GI-17 “Washington” Taylor Portrait Flask

Provenance: Anonymous

The museum is very proud to have on display an extremely rare, olive green GI-17 Washington Taylor portrait flask that was made at Baltimore Glass Works in Maryland. There is some academic thought that the second portrait actually represents a young General Andrew Jackson.

Baltimore Glass Works produced some of the most prized historical flasks in antique bottle collecting was founded in 1800. One partner was John Amelung, son of the German immigrant who established the famous New Bremen Glass manufactory in Frederick County in about 1785. The name and ownership of Baltimore Glass Works varied over the years, but the firm made panes, jars, and bottles until about 1870 at its site between the harbor and the immense sand dune known as Federal Hill.

Our pint olive-green Washington Taylor portrait flask features General George Washington with his profile facing left. Washington is in uniform with an ornamental shoulder piece and has a braid of hair worn hanging at the back of the head. “WASHINGTON” is embossed in a semicircle above the bust.

The reverse of the flask has a profile of General Zachary Taylor facing left. Taylor is in uniform with an ornamental shoulder piece. Taylor’s uniform has a high collar. “BALTIMORE GLASS WORKS” is embossed in a horseshoe around the bust. It is interesting to note that when the mold maker cut the mold for this flask, he basically ran out of room for the letter ‘S’ in ‘GLASS’ and ‘WORKS.’

The pint flask has a plain lip and pontil mark and is fairly rare but when found comes in a variety of colors.

Known colors are aqua, light green, and pale yellow-green which are considered rare; emerald green, dark green, yellow-green, golden-yellow, yellow amber, olive-yellow, pale pinkish amethyst, lavender, and puce, very rare; and olive green and wine, extremely rare.

Primary Image: GI-17 Washington-Taylor flask imaged by the FOHBC Virtual Museum midwest studio by Alan DeMaison.

Support: Auction Lot 107: “WASHINGTON” / BUST OF WASHINGTON – “BALTIMORE GLASS WORKS” / BUST OF TAYLOR, (GI-17), Baltimore Glass Works, Baltimore, Maryland, ca. 1830 – 1835, medium shading to a deeper color yellowish copper color pint, open pontil, sheared and tooled lip. A nice example that rates as being comparatively scarce in aqua, but extremely rare in this unlisted and highly desirable color that has no auction record! – Glass Works Auction Premier Auction #149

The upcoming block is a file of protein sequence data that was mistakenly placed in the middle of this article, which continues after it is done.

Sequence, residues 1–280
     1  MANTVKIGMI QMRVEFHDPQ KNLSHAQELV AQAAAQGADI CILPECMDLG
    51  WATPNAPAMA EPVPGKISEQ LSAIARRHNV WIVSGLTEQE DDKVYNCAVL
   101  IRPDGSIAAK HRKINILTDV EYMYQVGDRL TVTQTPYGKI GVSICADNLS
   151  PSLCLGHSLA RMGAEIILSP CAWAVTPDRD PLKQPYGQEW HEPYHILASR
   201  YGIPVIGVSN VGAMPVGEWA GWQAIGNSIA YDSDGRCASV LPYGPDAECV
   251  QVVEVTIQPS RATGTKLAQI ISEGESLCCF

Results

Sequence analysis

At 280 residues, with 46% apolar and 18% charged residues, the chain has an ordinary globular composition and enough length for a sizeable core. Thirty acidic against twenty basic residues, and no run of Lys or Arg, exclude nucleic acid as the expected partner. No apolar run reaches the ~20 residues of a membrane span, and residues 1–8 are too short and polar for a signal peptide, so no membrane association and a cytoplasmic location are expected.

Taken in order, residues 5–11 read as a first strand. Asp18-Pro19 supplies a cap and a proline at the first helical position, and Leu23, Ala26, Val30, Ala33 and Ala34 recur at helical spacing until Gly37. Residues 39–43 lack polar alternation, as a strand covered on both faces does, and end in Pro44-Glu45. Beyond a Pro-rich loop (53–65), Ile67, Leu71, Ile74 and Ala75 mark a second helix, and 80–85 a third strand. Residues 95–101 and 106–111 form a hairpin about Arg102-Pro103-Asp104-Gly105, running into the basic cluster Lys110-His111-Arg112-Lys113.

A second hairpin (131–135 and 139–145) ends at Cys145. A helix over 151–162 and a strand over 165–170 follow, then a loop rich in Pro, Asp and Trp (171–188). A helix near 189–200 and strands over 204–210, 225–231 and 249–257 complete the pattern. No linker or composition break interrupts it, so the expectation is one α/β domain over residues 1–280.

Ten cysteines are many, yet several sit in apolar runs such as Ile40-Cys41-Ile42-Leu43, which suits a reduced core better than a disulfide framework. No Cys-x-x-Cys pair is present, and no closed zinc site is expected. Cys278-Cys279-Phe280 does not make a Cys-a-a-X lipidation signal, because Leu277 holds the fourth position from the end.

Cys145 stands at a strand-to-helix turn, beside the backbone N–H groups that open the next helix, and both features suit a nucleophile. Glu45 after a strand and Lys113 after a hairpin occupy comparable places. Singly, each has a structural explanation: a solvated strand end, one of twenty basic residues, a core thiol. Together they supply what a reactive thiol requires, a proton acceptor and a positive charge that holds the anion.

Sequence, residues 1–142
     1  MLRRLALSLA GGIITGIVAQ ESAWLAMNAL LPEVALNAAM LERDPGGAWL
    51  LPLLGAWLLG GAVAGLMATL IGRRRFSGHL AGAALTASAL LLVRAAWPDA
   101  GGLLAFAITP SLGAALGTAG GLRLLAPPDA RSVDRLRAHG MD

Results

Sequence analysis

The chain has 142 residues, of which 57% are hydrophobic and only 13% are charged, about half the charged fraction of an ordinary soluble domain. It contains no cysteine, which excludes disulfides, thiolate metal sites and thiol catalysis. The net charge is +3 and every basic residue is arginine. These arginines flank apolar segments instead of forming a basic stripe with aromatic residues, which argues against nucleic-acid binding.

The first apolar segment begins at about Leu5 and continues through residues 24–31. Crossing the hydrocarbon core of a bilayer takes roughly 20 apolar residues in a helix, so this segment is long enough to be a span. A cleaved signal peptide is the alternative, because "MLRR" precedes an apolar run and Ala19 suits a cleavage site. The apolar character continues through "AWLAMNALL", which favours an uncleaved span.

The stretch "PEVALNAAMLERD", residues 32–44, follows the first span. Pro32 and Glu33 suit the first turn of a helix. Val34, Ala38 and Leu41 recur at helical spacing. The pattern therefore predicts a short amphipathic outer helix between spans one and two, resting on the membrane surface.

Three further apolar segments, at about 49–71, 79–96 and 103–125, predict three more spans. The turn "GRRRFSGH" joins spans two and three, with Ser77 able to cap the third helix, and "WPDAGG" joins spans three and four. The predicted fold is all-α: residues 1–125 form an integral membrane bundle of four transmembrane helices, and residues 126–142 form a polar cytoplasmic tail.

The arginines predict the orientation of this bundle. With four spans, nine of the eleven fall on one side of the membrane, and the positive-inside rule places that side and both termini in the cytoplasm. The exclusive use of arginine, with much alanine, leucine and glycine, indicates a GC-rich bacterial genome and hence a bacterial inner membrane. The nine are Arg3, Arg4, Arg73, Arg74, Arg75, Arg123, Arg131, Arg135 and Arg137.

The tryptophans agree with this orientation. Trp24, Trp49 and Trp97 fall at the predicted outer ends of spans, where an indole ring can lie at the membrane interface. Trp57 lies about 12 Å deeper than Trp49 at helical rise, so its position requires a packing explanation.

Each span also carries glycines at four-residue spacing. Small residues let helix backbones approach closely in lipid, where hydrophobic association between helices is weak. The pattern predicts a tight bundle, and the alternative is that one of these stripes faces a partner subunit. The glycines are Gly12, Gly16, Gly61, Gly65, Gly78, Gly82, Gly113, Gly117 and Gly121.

Support Images: Auction Lot 56: “Washington” And Bust – “Baltimore Glass Work” And Taylor Bust Portrait Flask, Baltimore Glass Works, Baltimore, Maryland, 1830-1850. Bright green, sheared mouth – tubular pontil scar, pint. GI-17 Beautiful and rare color. Strong embossing. Ex Warren C. Lane, Jr. collection. – Norman C. Heckler & Company Auction #100

Support Images: Auction Lot 108: “Washington” And Bust – “Baltimore Glass Works” And Taylor Bust Portrait Flask, Baltimore Glass Works, Baltimore, Maryland, 1830-1850. Pale yellowish-green, sheared mouth – pontil scar, pint; (light exterior high point wear, shallow 1/8 inch flake on top edge of mouth). GI-17 A comparatively scarce flask with a crisp mold impression. Generally fine condition. – Norman C. Heckler & Company

Support: Reference to American Bottles and Flasks and Their Ancestry by Helen McKearin and Kenneth M. Wilson, Crown Publishers Inc., New York, 1978.

Support: Reference to Baltimore Beauties by Mark Vuono, Antique Bottle & Glass Collector, March 2012

Support: Reference to “Washington-Taylor” Flasks from River Bridge by Paul Vincent, Collections Assistant, Museum of the Albermarle – FOHBC Bottles and Extras, September – October 2018

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